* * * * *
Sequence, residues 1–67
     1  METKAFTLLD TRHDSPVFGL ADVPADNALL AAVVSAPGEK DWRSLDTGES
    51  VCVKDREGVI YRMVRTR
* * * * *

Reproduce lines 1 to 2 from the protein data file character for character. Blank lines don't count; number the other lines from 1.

Sequence, residues 1–67
     1  METKAFTLLD TRHDSPVFGL ADVPADNALL AAVVSAPGEK DWRSLDTGES